Looking beyond the March 5 congressional primary, Republican Patrick L. McDonough yesterday took advantage of a news conference on pending campaign finance reform to challenge Rep. Benjamin L. Cardin, the 3rd District Democrat he probably will face in November.
Mr. McDonough asked Mr. Cardin to sign a "campaign reform pledge" that includes several key provisions of the House's reform legislation known as the "Bipartisan Clean Congress Act," which the congressman is co-sponsoring.
Mr. McDonough, a Republican from Perry Hall who is favored in a three-way primary to win the GOP nomination, asked Mr. Cardin, the presumed Democratic nominee, to agree to four campaign reform measures, similar to those included in the House legislation.
The pledge he proposed for the Nov. 5 general election race would limit campaign spending to $200,000 for each candidate in the general balloting, ban political action committee contributions and require that each candidate contribute no more than $50,000 of his or her own money to the campaign.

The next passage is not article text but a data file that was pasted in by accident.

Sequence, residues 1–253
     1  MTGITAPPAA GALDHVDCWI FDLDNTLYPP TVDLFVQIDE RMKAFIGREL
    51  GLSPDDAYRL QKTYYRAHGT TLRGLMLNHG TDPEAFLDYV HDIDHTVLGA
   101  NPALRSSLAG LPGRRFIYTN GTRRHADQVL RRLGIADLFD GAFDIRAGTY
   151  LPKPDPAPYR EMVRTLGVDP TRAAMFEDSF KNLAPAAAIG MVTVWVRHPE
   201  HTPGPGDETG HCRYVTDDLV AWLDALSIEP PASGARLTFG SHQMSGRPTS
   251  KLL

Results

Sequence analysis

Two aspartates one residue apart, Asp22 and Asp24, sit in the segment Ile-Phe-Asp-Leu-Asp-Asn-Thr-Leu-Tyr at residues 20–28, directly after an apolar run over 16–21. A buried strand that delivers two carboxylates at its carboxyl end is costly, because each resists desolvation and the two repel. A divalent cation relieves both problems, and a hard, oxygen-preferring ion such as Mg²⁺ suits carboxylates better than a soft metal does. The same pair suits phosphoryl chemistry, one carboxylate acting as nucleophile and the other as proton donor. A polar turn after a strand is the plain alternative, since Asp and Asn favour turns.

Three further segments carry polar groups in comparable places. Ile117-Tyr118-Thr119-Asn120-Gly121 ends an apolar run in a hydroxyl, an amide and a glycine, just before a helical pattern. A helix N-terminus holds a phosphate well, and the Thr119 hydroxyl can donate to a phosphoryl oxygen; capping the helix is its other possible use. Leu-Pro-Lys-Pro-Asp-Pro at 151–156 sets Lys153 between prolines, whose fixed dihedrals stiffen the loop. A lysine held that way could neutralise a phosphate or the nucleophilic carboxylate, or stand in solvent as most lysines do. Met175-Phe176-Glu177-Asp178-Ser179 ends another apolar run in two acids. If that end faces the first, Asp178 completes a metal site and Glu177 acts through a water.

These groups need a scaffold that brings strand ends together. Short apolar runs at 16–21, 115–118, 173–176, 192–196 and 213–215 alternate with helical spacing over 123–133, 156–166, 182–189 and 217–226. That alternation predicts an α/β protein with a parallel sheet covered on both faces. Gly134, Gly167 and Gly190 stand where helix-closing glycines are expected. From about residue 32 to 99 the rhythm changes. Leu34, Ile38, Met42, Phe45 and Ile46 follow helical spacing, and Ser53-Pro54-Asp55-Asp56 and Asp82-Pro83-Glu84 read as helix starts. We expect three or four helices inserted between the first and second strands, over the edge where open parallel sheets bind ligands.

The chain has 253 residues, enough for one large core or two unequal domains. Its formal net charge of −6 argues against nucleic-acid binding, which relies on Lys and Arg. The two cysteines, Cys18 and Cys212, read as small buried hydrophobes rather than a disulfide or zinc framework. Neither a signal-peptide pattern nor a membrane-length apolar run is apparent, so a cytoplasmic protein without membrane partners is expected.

It also would ban the use of "soft money" -- that is, the use of independent expenditure committees, formed by large special interest groups, to pay for certain expenses not counted against federal limits on campaign donations. Mr. McDonough's proposal, however, excluded a ban on soft money from political parties.
But Mr. Cardin, a major proponent of campaign finance reform since he was Maryland's House speaker, said he would not sign the pledge.
Common Cause President Ann McBride, who spoke at a newsconference in North Baltimore designed to highlight the campaign reform proposals pending before Congress, said Common Cause had a long-standing practice "not to ask people to voluntarily abide by provisions of a bill" for reform.